Syracuse forward Southerland dunks against Michigan in the second half of their NCAA men's Final Four basketball game in Atlanta

James Southerland gets a training camp invite from the Bobcats


James Southerland is a 6’8″ forward who averaged 13.3 points per game in his senior year at Syracuse, while knocking down almost 40 percent of his shots from three-point distance.

Southerland went undrafted, though he had an offer from the Spurs to take him late in the second round if he agreed to spend this season playing overseas, instead of earning a salary at the end of the San Antonio bench.

He played for the Sixers at the Orlando Summer League and for the Warriors at the Las Vegas version, but didn’t get a ton of opportunity in terms of minutes in either situation, and his shooting didn’t live up to the numbers he displayed in college.

Players who can shoot with Southerland’s size are going to get multiple looks from NBA teams, however, and he’ll at least get a shot to prove himself beginning with the invite he received to training camp with the Charlotte Bobcats.

From Rick Bonnell of the Charlotte Observer:

Southerland will come to training camp at UNC Asheville on an unguaranteed contract and he’ll have a challenge making the team. The Bobcats have plenty of power forwards. They drafted Cody Zeller fourth overall and re-signed Josh McRoberts. They have Jeff Adrien on an unguaranteed deal and recently signed Anthony Tolliver, also to improve their shooting.

What often happens in training camp is that players who show initiative and work ethic (along with the requisite skill set) get noticed, and even if a spot isn’t necessarily available on the team they’re in camp with, coaches around the league talk, and the hard work can potentially pay off with a chance to ultimately play somewhere else.

Sixers to retire Moses Malone’s number next season

Darryl Dawkins, Moses Malone

Kobe Bryant‘s pregame tribute video stole the show in Philadelphia, but Tuesday night was Moses Malone tribute night. The former league MVP and Hall of Famer passed away in September, and his legacy was honored by the Sixers during a halftime ceremony. During the festivities, Malone’s son announced that his No. 2 will be retired by the organization next season.

There’s no question that Malone, one of the greatest players in the history of the sport, deserves to have his number retired. The only relevant question is: why didn’t this happen years ago? The ceremony next season should be good, but it would have been better if they had done it when Malone was alive to participate in it. No Sixers player has worn No. 2 since Malone anyway, but it’s been over 20 years since he last wore a Sixers jersey. Why couldn’t they have found some time in those two decades to have a ceremony and hang a banner?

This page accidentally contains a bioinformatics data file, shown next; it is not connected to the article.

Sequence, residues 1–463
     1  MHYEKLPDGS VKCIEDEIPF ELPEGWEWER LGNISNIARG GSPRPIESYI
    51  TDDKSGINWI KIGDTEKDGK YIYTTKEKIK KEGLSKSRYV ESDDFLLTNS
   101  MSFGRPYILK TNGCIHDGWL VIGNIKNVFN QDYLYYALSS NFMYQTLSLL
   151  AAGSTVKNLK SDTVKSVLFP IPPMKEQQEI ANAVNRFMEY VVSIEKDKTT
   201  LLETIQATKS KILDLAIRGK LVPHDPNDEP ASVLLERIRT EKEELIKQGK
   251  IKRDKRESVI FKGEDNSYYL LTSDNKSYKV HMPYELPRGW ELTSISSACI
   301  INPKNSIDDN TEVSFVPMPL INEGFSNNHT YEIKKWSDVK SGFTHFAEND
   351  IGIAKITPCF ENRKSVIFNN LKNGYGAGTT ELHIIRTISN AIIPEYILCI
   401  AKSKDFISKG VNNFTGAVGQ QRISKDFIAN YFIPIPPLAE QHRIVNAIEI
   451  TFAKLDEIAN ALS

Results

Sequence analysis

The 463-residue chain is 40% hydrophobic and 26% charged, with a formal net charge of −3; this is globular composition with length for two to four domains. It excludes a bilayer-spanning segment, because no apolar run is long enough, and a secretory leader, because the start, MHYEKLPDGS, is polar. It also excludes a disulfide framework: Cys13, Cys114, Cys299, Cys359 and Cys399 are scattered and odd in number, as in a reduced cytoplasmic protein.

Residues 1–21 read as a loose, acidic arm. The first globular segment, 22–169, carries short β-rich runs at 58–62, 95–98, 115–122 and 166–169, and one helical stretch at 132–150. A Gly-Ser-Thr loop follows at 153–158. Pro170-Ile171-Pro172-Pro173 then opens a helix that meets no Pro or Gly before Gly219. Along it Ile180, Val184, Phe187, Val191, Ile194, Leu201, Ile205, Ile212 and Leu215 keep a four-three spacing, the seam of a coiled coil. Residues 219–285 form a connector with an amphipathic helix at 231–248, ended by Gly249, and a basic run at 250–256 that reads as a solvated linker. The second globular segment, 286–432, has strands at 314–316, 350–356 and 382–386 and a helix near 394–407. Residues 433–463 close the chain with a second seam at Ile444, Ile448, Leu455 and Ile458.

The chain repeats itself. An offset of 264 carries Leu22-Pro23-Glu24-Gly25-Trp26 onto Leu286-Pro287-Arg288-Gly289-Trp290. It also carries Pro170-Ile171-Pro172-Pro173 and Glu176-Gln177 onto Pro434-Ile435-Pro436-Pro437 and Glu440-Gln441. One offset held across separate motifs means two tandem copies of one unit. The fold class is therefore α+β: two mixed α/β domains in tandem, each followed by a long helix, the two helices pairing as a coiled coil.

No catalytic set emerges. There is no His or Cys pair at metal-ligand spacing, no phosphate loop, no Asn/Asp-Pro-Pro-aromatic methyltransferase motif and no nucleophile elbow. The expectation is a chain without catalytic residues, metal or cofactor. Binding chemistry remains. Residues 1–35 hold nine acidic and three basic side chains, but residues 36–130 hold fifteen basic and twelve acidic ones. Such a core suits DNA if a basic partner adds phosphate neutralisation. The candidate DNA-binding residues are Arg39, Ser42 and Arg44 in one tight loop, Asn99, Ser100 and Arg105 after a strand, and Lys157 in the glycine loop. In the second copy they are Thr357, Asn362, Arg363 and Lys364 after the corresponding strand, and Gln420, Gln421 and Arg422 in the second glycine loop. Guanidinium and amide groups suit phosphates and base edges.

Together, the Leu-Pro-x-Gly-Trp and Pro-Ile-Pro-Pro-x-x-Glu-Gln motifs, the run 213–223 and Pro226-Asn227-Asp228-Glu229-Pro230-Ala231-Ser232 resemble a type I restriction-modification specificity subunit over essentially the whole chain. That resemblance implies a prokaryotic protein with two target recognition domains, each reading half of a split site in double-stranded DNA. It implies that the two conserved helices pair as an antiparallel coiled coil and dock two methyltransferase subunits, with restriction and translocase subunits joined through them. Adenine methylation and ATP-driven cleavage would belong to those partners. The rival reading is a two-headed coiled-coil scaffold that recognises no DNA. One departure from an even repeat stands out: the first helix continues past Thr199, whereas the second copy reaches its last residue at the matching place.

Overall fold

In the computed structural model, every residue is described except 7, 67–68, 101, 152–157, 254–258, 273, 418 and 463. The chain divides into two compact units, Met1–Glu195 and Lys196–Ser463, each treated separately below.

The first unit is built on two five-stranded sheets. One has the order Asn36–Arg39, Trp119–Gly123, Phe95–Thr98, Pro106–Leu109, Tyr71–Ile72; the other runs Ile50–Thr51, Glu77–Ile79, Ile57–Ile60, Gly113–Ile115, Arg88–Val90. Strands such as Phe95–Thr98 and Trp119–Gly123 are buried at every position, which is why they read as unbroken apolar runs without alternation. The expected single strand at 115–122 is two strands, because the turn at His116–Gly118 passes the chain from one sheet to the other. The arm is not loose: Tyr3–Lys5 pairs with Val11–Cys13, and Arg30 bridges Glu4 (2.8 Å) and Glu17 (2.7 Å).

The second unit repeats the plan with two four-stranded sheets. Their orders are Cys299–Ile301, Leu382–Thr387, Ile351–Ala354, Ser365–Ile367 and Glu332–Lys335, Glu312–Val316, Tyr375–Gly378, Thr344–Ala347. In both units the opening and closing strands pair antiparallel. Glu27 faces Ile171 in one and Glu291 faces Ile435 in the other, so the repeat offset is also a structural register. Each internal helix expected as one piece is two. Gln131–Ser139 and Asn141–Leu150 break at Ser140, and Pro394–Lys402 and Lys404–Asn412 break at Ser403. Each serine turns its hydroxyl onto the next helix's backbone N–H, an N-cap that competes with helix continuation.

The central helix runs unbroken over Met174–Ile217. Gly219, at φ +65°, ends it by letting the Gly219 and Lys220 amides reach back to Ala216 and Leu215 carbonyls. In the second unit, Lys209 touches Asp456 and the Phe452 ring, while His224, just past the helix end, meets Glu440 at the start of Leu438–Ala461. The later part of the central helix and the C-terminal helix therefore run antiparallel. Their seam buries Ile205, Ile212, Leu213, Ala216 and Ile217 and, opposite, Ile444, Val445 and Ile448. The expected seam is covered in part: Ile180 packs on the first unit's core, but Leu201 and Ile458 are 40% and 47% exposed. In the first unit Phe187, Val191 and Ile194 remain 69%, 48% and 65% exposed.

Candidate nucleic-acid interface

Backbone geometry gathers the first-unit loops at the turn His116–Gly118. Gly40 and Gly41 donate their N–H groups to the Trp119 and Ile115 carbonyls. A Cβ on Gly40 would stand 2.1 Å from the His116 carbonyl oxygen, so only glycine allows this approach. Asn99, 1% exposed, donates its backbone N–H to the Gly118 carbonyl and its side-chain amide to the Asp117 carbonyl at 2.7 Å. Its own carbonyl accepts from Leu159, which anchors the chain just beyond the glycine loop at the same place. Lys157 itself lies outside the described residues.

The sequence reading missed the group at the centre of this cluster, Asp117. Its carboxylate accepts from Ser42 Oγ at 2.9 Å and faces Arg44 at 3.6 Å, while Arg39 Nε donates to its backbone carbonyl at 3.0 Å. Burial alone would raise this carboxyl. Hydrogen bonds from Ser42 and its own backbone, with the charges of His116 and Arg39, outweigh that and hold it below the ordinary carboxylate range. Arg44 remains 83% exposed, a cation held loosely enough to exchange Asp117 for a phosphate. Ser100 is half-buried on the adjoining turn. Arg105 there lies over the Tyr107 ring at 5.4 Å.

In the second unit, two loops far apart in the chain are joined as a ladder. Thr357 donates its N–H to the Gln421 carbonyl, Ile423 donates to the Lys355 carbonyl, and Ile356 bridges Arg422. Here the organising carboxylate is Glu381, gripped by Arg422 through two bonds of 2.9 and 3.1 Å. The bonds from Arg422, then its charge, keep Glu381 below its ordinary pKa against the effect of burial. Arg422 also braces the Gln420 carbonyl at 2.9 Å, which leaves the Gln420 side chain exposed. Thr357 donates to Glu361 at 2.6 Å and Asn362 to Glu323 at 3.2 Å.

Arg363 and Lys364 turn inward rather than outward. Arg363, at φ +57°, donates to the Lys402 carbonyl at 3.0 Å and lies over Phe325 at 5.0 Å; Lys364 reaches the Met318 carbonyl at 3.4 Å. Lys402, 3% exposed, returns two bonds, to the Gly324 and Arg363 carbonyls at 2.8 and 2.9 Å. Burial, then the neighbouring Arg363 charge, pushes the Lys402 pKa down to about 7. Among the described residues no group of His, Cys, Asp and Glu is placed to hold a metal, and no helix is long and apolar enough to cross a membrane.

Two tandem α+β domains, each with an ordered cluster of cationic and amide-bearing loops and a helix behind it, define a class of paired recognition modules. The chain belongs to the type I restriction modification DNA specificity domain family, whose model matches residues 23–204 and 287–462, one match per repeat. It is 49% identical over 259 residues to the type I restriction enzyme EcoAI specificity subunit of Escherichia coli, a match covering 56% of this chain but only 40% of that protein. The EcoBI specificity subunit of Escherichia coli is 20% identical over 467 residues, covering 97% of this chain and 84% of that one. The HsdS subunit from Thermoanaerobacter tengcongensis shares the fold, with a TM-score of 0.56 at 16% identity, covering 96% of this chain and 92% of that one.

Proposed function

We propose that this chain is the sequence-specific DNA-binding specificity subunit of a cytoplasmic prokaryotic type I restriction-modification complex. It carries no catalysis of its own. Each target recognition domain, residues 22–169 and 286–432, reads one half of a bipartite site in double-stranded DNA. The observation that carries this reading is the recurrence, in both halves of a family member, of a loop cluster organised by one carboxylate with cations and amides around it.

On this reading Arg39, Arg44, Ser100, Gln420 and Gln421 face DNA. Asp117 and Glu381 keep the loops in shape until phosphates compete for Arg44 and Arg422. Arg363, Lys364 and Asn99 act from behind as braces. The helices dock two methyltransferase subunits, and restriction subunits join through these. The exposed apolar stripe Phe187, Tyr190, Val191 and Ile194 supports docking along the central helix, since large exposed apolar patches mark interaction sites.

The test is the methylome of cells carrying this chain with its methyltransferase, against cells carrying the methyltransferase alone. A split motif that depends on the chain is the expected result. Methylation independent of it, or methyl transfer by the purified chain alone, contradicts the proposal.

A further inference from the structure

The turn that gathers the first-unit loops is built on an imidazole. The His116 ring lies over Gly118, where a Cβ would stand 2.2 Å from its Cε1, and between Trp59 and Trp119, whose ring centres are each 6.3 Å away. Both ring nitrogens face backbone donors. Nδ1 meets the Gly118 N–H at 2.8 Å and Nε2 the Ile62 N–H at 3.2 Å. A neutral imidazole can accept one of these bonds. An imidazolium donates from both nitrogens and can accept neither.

LeBron James with two-handed halfcourt bounce pass for assist (VIDEO)

LeBron James
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Perhaps LeBron James‘ most underappreciated skill has been his passing. He is rightly hailed as the most unselfish superstar of his generation, but being a willing passer is only part of it: he’s also as good at it as any point guard in the league. Case in point: this two-handed halfcourt bounce pass on Tuesday night, finding Richard Jefferson for an easy dunk:

Kobe gets great introduction, loud ovation in Philadelphia

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Kobe Bryant‘s relationship with his hometown of Philadelphia had its rocky sections — the Kobe’s Lakers beat the Sixers in the 2001 Finals, and then Kobe was booed during the 2002 All-Star Game —  but all was forgiven on Tuesday night.

In his final trip to Philly, he was given a framed Lower Merion High School jersey — that’s Kobe’s school, in case you forgot — and it was presented by Dr. J.

Then the fans welcomed him like you see above.

That pumped up Kobe, who scored 13 first quarter points on 5-of-10 shooting, his best quarter of the season.

Rumor: Nets testing trade waters for Bojan Bogdanovic

Bojan Bogdanovic, Otto Porter Jr.
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If you play for the Brooklyn Nets, and your name is not Rondae Hollis-Jefferson, expect you will come up in trade rumors this season.

First up on the block, Bojan Bogdanovic. The report comes from Mike Mazzeo of ESPN.

Bogdanovic is in the first year of a three-year, $11 million deal, which isn’t bad for a guy playing nearly 25 minutes a night and scoring 8.4 points per game. There is a lot of potential in his game, if developed in the right setting — he’s a good shooter out on the wing who works well off the ball. He seems to have regressed this season, but how much of that is due to the Nets and their guard play (and just generally struggling) is up for debate.

Is there going to be interest in him? Probably. As always, it is about the price, what the Nets will demand. Whether the Nets can get anything back they want is up for debate.

Right now a lot of GMs are testing the waters for players, judging the market. That is a long way from a trade happening. But don’t be shocked if the Nets make a deal or two before the February deadline.